I was just reading a recent copy of the Gleaner. There is a farming slump on, and the potential for a downturn in the banana sector. I read the sports standings as well, as I follow the Western Basketball Division Frutra/Oasis Purified Water Development League.
The Gleaner, Jamaica's newspaper, is referenced in several of Ian Fleming's James Bond novels. The Bond of the books spent much of his time in the Caribbean. Fleming's short story, "Quantum of Solace," is collected with short stories "From a View to a Kill," "For Your Eyes Only," "Risico" and "The Hildebrand Party" in For Your Eyes Only. The title "Quantum of Solace" comes from a line of dialogue in the story.
The story, less than 20 pages long, is set in Nassau, the Bahamas, and is a story within a story, told by Nassau's Governor to James Bond following a dinner party.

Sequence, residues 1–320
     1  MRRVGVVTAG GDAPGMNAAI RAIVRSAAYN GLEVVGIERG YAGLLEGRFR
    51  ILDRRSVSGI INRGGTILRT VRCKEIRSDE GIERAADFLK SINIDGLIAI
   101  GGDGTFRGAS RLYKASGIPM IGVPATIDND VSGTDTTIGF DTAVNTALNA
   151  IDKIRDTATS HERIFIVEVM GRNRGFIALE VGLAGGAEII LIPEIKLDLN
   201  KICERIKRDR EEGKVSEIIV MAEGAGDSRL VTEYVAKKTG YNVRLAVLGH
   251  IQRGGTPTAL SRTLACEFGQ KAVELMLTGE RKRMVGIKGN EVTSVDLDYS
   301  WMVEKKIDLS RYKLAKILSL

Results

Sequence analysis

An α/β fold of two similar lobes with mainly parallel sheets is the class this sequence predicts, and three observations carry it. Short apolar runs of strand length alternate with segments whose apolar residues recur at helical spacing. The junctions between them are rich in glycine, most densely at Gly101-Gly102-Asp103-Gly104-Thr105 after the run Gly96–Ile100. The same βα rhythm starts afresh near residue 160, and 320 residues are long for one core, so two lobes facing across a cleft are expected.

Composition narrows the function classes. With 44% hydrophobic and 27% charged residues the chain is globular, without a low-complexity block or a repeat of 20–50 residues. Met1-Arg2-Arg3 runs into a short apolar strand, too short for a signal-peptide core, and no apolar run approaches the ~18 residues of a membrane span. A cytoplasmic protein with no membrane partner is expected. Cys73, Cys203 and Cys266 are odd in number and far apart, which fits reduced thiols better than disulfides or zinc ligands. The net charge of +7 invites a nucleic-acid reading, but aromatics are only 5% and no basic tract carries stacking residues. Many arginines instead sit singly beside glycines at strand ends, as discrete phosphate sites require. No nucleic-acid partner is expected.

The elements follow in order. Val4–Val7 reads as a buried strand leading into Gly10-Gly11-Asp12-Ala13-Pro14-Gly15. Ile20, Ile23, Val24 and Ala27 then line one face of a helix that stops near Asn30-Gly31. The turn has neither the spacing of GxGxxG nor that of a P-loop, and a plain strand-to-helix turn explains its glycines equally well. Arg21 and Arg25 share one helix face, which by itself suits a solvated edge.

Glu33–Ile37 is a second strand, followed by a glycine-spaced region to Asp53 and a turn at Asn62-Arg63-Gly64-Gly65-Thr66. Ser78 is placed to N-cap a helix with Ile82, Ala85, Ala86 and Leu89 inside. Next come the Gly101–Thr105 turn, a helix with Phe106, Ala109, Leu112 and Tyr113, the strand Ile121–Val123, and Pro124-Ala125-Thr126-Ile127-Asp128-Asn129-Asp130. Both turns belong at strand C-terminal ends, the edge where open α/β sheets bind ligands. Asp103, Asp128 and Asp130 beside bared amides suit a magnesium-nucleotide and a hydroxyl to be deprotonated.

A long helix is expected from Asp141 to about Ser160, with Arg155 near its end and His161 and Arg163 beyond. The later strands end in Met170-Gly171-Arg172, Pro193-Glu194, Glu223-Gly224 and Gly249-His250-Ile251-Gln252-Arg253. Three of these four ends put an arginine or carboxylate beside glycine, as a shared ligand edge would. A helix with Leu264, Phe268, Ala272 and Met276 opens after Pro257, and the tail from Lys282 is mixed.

I actually find the back story to this short story rather fascinating, though it is not explored. Bond happens to be in the Bahamas because the US Coast Guard is onto arms smuggling out of Miami to Castro's rebels in Cuba, so bases have been set up in the Bahamas and Jamaica to facilitate the arming of the Cuban rebels. Bond is there to stop it, and while in Nassau its Governor entertains Bond with an odd tale about the fate of a marriage.
And in the telling of this sordid tale the Governor uses the phrase "The Law of the Quantum of Solace."
The Law of the Quantum of Solace states that relationships can withstand many things -- infidelity, crimes, disease. But there is a point wherein civility no longer exists, and one person in the relationship does not care if the other is alive or dead. It becomes a matter of self preservation at that point, for the other.
Whether or not the new new Marc Forster film has anything remotely to do with Fleming's short story remains to be seen. But perhaps the essence of Governor's Law will remain intact. We'll find out on November 14.